It can be a blessing to have someone on your team who wants to be the leader instead of being led. But your job is already taken. So, how do you handle someone who wants to take charge when you're the boss in charge?
- Recognize this personality's need to lead something and give them something to lead: a department, a niche of the business, a particular client list.
- Allow this person their domain, show trust in their competency and let them direct what they prove themself good at directing.
- Even while you're granting them space to flex their leadership muscles, though, have regular check-ins to manage expectations and job parameters. Loosen and tighten the reins a bit as you deem fit to grant them freedom to oversee without inviting them to overstep.
#4: The overly confident type
People who lack self-confidence respond well to a lot of hand-holding and assurance to help them find their inner strength. People who have an overabundance of confidence are often masking self-doubts and perceived deficiencies behind a veil of bravado. What's common to both types? They both need extra support to get more in tune with a healthy balance of self-regard. When dealing with a "know-it-all" whose confidence in their skills might exceed those skills somewhat:
- Red-line their work as needed — no long, drawn-out criticisms and explanations or lecturing that would just be met with resistance. Simply show in black-and-white the tweaks that would elevate their output with the goal of them noticing their own areas for improvement.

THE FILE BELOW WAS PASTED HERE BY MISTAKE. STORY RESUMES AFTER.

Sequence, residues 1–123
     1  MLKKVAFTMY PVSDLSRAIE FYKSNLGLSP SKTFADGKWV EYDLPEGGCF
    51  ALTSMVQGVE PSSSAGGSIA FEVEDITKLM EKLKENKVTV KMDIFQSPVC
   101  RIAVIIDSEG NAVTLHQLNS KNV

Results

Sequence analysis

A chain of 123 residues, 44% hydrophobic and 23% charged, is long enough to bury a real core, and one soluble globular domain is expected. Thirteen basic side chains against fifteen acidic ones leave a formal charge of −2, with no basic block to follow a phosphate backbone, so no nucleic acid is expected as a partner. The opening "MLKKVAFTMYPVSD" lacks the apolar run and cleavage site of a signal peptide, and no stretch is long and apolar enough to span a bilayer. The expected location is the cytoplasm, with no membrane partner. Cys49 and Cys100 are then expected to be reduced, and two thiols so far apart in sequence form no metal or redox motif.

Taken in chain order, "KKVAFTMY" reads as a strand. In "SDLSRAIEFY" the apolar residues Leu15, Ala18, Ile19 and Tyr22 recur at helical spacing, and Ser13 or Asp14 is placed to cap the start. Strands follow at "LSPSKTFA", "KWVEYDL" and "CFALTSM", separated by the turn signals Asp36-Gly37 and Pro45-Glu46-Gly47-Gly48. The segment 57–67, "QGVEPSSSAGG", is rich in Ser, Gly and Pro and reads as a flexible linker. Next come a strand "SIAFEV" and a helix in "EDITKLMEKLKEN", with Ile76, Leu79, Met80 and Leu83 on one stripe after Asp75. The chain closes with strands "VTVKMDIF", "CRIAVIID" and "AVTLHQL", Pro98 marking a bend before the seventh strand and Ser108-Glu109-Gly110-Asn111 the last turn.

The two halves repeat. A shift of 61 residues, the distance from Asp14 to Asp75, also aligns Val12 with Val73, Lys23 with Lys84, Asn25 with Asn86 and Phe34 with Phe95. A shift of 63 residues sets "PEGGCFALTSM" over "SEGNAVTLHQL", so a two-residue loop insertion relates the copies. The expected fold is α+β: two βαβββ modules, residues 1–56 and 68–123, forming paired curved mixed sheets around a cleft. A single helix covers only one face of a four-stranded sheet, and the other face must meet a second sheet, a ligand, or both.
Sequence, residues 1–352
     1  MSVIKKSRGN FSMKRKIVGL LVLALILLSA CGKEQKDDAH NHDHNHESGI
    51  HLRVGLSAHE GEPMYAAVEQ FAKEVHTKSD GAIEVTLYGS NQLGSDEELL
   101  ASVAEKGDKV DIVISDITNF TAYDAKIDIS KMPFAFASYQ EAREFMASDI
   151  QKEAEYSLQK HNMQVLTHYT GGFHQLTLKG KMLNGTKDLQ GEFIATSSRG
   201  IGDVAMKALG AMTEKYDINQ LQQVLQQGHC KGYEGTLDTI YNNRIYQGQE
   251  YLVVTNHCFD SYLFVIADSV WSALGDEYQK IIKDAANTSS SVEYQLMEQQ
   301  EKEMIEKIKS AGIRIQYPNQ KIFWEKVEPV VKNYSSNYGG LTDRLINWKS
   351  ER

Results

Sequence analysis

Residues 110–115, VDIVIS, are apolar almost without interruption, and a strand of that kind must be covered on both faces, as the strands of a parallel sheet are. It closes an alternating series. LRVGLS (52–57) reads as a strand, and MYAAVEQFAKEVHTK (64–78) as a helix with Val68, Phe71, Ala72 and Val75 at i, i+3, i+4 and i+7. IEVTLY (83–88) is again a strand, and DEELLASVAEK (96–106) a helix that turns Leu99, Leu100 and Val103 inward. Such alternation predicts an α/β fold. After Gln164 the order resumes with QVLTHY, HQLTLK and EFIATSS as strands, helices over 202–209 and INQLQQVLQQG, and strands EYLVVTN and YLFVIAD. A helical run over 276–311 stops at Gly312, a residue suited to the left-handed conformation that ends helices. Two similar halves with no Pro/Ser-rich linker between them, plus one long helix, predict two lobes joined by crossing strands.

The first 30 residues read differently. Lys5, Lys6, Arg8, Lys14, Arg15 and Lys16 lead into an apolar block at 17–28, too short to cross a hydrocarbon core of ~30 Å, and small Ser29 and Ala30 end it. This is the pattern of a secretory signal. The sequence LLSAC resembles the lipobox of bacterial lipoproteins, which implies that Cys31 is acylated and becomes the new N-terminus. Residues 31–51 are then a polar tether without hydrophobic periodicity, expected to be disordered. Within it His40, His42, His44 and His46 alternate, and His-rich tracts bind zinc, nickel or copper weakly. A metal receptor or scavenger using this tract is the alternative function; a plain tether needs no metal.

- Communicate with this person via email to keep discussions more objective and focused.
- Don't give an arrogant attitude less support because it seems so self-sufficient; give this person more to demonstrate where and how direction is needed.
#5: The low-motivation employee
You might ask, "Why would I hire someone who isn't self-motivated?" The answer lies in their impressive skill set or proven track record, and the operative word here is "self." When someone isn't self-motivated, that doesn't mean they can't make a stellar contribution; it just means you have to step in as the motivating force. Some employees just need their boss to push them — they expect the supervision and react favorably to the encouragement.
- Send many reminders: upcoming projects, pending deadlines and expected benchmarks. They may not look at the clock naturally, but your notifications will prompt them to.
- Guide them to find what lights their fire (music? balancing budgets? travel?), and then incorporate those identified passions into their job function to light a fire under them.
- Make sure they're aware that you support their work-life balance. Often, with the right leader behind them permitting them to be who they are, the employee will discover their own well of motivation.
#6: The challenged organizer
We all can't be good at everything, right? You'll likely have a staffer who's long on creativity and resourcefulness but short on time management and prioritization. When it comes to the more disorganized personality, add order to their workflow in a variety of ways:
- Require them to use your company's project management software to automate and track job progress.
- Use the "buddy system" when applicable, teaming them up with someone stronger where they're weaker to model desired performance and promote accountability.
- Talk to them candidly about the lack of organization you've observed, then ask them outright what you can do and what tools you can provide to support their process for job completion.
Sure, there are a lot more types of people you'll work with and a lot more techniques for helping them achieve their personal best. But if you take the time to learn what drives them and what fuel they need to drive most efficiently, your management style can help get them out of their own way and on the surefire path to their highest potential.